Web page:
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Lee Mac
Thanks.

 

 

 

I have to believe it does.

 

As an old VBAer, though, I’m tempted to say no CAD user deserves so much dynamic interaction. :P

 

Actually, it is kind of fun. :)

 

Would you say this kind of level of dynamic interaction is on par with "ghosting" (another term i've seen thrown around on here......) :P

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Indeed. But, dynamic interaction, jigging, ghosting . . . .

 

Given the presumption that Computer Aided Drafting should be high precision stuff, an AutoCAD developer may need to think twice about adding features that encourage “eyeballing”.

 

Conversely, the presumption that Computer Aided Design should be a fluid, interactive experience, an AutoCAD developer needs to offer feedback early and often.

 

That kind of leaves it open for us to do what’s most fun. :)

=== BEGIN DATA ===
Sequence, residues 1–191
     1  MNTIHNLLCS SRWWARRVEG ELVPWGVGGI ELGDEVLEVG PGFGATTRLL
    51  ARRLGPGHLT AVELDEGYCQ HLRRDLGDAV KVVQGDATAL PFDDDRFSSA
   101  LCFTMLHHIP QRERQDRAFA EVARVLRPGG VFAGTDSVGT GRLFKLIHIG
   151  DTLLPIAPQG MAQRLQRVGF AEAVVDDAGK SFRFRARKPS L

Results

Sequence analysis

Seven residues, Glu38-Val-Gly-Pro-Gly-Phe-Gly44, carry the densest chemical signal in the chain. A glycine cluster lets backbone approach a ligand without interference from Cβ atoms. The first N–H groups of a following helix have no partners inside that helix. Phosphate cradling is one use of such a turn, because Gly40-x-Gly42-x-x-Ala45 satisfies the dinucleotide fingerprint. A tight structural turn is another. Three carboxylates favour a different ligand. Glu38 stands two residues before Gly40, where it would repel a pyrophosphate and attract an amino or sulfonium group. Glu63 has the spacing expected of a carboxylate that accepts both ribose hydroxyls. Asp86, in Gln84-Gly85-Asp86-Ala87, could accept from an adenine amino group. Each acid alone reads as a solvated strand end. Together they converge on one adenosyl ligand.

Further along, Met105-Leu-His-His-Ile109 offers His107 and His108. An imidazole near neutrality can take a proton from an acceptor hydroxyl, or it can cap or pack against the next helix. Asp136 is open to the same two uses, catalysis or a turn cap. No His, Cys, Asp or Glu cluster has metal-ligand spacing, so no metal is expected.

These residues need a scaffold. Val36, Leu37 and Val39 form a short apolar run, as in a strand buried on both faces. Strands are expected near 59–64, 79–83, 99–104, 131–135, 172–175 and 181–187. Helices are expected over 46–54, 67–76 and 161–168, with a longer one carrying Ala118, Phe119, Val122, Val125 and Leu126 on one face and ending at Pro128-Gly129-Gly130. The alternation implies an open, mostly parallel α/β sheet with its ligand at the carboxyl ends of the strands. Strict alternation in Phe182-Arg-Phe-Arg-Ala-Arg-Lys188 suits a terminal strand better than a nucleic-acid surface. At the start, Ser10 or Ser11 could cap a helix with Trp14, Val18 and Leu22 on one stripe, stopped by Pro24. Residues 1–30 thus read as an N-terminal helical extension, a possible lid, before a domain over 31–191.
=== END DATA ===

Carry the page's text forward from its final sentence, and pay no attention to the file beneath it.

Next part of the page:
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Lee Mac

Given the presumption that Computer Aided Drafting should be high precision stuff, an AutoCAD developer may need to think twice about adding features that encourage “eyeballing”.

 

Yeah, good point - but seeing a live visual representation of what you are designing is a great aid :) Just gotta use it wisely.

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Does "Jigging" work in a similar method to the grvecs in LISP?

 

 

I have to believe it does.

 

 

After a bit more investigation, this notion should be modified a bit. I’d say JIGGING is part of the same pipeline as GRVECS though, perhaps, slightly further downstream.

 

Presumably, the graphics to display entities consist of 1 to multiple vectors between the appropriate pixels. AutoCAD has a mechanism to create a vector array based on entity type. I think GRVECS (or, in .NET, Editor.DrawVectors) is upstream from mechanism, JIGGING ties into that mechanism.